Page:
THE decline in remittances to developing countries will be much worse than the 5% drop recorded in the wake of the 2007-2009 global financial crisis, the Institute of International Finance (IIF) said.
In its Macro Notes report issued Wednesday, IIF, a trade group representing financial institutions, said remittances could drop by 20-30% this year due to the economic shocks caused by the coronavirus disease 2019 (COVID-19) pandemic.
IIF, based in Washington, DC, said the current crisis is affecting more countries than in 2007-2009.
“During the global financial crisis (GFC), remittances fell by about 5%. As the COVID-19 recession affects even more countries simultaneously, especially host countries in the EM (emerging markets) universe, a drop of 20-30% seems possible,” IFF said Wednesday.
The IIF said pressure on remittances “will be particularly challenging for countries with high external funding pressure where remittances help reduce otherwise large current account deficits, including most of Central America, Caribbean nations, as well the Philippines and Egypt.”
It said remittances are usually countercyclical but many institutions are projecting a sharp decline in 2020 due to the economic shock from the pandemic.
“Remittances depend on migration, host- and home-country growth, exchange rate fluctuations, and the ability to transfer money across borders,” it said.
In host countries, lockdowns and business closures have “disproportionately” affected sectors where migrants are usually employed including services jobs in food and hospitality, retail and wholesale, tourism and transportation.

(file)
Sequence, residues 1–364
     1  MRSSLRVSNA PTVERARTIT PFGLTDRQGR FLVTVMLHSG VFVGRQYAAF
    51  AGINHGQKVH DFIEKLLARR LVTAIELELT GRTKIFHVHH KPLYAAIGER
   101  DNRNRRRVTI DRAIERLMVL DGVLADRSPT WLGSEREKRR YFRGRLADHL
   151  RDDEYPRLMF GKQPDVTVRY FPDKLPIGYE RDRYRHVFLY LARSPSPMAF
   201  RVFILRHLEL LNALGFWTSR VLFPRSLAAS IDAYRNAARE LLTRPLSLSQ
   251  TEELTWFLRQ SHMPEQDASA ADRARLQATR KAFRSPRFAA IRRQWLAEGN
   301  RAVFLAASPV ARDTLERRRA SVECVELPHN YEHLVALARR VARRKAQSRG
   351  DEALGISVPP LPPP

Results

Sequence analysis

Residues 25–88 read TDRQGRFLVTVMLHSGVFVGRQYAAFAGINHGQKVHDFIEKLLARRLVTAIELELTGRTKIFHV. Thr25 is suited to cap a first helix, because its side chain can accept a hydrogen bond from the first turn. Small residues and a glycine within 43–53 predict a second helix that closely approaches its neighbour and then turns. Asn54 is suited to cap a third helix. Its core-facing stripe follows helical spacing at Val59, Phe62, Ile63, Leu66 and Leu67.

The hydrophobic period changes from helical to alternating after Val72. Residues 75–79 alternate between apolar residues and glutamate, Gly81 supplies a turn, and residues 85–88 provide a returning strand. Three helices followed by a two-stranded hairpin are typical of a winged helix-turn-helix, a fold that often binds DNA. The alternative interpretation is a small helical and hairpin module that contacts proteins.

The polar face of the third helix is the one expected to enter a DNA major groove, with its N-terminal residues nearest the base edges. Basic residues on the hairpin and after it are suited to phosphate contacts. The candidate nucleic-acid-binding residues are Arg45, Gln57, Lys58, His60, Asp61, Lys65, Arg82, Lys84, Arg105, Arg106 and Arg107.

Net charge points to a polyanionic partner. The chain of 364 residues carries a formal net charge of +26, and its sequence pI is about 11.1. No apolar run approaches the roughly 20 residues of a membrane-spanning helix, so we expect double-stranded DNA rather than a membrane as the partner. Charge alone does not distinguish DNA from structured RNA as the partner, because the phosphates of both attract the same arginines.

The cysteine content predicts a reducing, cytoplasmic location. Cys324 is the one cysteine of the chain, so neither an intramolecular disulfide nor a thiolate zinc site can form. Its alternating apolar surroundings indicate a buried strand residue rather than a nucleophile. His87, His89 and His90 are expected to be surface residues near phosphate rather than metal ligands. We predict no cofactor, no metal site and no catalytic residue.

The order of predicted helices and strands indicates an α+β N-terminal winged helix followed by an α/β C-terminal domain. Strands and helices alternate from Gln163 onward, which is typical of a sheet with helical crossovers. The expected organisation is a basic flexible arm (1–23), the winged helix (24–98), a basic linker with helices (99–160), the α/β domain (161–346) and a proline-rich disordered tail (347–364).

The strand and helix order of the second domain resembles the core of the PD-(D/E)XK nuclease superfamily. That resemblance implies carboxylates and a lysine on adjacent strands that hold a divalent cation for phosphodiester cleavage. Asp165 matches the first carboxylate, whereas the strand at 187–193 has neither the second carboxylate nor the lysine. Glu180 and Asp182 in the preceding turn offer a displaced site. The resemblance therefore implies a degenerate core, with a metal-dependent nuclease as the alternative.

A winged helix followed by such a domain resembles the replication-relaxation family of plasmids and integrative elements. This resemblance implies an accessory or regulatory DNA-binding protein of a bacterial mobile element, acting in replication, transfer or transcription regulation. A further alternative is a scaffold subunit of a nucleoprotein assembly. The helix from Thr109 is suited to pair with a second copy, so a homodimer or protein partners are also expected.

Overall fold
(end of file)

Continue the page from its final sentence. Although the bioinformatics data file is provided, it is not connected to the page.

It said many migrants also work in sectors that were allowed to operate during the lockdown but were highly exposed to coronavirus such as in agriculture, food processing and health care.
“Furthermore, migrants’ ability to shift across sectors or gain access to government support is likely curtailed. Finally, while electronic cross-border flows can continue unabated (during) COVID-19 lockdowns, carrying cash is still the preferred method of remittance transfers in many cases,” it said.
According to IIF’s data, the US, the European Union and Gulf countries are some of “economies that account for the bulk of global remittances flows, (which) are among the most exposed to the COVID-19 and oil price shocks.”
It said these economies are among the important sources of remittances for home countries in Africa and Asia.
“Among key recipient countries, important emerging markets such as India, China, Mexico, the Philippines, Egypt, and Nigeria account for close to 40% of all remittances in dollar terms,” it said.
The Bangko Sentral ng Pilipinas in April projected that cash remittances from overseas Filipino workers (OFWs) could decline by 0.2-0.8 percentage points this year, after the original projection of 2% growth outlook issued earlier that month.
The labor department reported that over 300,000 OFWs have been displaced by the pandemic, with tens of thousands returning to the Philippines. Over 200,000, mostly in the US and Europe, have chosen not to return. — Beatrice M. Laforga